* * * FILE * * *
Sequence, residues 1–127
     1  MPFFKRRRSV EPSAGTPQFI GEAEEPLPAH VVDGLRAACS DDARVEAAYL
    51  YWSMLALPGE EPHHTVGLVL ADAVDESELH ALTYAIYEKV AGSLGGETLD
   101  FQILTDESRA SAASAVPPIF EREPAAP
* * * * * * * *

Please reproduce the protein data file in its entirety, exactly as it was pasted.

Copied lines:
Sequence, residues 1–127
     1  MPFFKRRRSV EPSAGTPQFI GEAEEPLPAH VVDGLRAACS DDARVEAAYL
    51  YWSMLALPGE EPHHTVGLVL ADAVDESELH ALTYAIYEKV AGSLGGETLD
   101  FQILTDESRA SAASAVPPIF EREPAAP